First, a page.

The Myanmar government has repeatedly used draconian laws against journalists for reporting on military abuses or ethnic armed groups. In 2018, two Reuters journalists were sentenced to seven years in prison under Myanmar’s Official Secrets Act after uncovering a massacre of Rohingya Muslims. They were released on a presidential pardon after spending more than a year in jail. Aung Marm Oo, the editor-in-chief of the news agency Development Media Group (DMG), which has reported on the conflict in Rakhine State, is currently facing a complaint under the Unlawful Associations Act, which carries a sentence of up to five years in prison.

Access to information is rapidly diminishing under Myanmar’s current government. On March 23, the Ministry of Transport and Communications instructed four mobile operators to block access to 221 websites deemed to be spreading “fake news” or containing explicit content, according to the media.

Narinjara and Development Media Group said that since March 24, they have been blocked by all four mobile operators, which include Norway’s Telenor, Qatari-owned Ooredoo, military-affiliated MyTel and the state-owned MPT. Telenor is the only telecommunications provider to have issued a statement about the government directive.

The current editor-in-chief of DMG, Phadu Tun Aung, told local media that by blocking the only two ethnic-Rakhine media outlets, the government had effectively silenced ethnic Rakhine voices. “By blocking our websites, [the government is] restricting the people’s right to information,” he said. Other registered media outlets in Shan and Karen States and Mandalay region also reported that they were blocked.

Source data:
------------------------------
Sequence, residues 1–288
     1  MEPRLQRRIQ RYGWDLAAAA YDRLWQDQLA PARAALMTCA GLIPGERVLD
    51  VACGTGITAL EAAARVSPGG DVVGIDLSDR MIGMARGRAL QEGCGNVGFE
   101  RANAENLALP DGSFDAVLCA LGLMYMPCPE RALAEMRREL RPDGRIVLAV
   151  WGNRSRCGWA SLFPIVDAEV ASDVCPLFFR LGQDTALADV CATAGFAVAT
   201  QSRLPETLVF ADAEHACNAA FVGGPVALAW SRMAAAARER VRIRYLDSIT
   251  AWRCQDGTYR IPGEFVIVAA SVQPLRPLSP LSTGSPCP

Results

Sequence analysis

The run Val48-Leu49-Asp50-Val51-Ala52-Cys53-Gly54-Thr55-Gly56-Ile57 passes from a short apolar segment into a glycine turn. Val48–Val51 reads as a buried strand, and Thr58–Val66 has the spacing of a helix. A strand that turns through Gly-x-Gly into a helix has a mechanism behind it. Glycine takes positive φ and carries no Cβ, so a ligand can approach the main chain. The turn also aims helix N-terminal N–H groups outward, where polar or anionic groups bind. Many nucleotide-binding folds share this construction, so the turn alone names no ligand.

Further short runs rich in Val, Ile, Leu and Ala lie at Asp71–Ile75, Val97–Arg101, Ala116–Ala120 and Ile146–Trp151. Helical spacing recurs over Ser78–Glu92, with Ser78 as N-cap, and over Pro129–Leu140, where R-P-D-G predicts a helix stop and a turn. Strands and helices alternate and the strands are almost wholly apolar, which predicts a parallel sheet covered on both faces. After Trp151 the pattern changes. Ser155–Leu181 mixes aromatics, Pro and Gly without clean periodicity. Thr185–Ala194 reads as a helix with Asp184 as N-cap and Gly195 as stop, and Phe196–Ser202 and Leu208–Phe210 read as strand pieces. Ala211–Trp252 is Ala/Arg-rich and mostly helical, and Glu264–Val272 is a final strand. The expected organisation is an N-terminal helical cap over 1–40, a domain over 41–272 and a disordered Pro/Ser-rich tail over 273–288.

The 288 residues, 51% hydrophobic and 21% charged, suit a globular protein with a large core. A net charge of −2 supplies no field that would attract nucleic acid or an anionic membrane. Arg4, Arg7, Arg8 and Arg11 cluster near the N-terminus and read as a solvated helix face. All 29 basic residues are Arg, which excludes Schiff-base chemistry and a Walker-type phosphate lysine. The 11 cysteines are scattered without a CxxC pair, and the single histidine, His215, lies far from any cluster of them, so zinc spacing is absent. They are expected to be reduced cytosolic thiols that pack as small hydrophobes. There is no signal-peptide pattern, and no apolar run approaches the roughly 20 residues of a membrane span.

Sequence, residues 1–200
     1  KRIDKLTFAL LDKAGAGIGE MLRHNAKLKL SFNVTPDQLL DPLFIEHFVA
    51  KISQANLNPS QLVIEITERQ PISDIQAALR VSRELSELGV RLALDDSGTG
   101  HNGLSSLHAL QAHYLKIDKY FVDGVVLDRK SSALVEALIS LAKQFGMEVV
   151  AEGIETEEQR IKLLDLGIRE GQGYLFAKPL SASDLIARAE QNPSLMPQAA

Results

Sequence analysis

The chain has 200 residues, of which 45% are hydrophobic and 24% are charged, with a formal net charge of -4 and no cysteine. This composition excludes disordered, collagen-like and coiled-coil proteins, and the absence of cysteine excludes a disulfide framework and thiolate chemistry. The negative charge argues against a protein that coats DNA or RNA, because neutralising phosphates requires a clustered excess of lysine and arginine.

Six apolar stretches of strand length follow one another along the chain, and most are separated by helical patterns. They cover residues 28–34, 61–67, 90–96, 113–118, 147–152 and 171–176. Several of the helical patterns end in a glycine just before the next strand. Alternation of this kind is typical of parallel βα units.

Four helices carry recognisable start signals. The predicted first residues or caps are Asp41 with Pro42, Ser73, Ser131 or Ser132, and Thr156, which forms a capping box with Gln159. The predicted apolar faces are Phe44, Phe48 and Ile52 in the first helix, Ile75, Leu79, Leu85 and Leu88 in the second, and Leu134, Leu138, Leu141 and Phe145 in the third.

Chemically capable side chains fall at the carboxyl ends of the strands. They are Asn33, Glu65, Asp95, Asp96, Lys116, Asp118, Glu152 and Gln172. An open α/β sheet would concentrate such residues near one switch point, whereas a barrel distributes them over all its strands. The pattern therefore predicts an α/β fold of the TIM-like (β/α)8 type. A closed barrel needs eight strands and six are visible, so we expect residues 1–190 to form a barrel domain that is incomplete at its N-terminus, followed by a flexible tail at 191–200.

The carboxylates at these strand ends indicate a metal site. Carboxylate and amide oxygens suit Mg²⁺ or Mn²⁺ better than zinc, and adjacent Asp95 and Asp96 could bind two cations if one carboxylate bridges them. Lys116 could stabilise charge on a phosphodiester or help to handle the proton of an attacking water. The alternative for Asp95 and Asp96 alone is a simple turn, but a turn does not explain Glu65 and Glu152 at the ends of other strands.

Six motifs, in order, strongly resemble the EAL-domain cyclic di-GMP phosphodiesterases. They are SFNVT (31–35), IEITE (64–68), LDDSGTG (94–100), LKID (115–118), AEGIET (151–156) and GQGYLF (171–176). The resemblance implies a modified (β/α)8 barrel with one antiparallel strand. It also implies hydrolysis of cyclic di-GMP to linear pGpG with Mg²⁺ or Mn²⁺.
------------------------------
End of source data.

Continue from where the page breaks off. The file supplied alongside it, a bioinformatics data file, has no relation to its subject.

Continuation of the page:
Any government restrictions on websites should clearly explain why the content is being taken down and should focus on specific content rather than whole domains.

The government should also lift the continued internet shutdowns in nine townships in Rakhine and Chin States, which threaten the safety of civilians as fighting between the Arakan Army and the Myanmar armed forces continues. The blanket shutdown violates international human rights law, which requires internet-based restrictions to be necessary and proportionate.

Internet service providers should fully resist unjustified internet shutdowns or takedowns, including by seeking a legal basis for any shutdown order and interpreting requests to cause the least intrusive restrictions. They should carry out their responsibilities under the United Nations Guiding Principles on Business and Human Rights, and avoid complicity in human rights abuses especially during the COVID-19 pandemic.

“The Myanmar government has increasingly acted to restrict access to information it does not like and punish those who bring it to light,” Lakhdhir said. “Counter-terrorism laws should never be used against journalists for their reporting. Under these circumstances the future for press freedom in Myanmar is bleak.”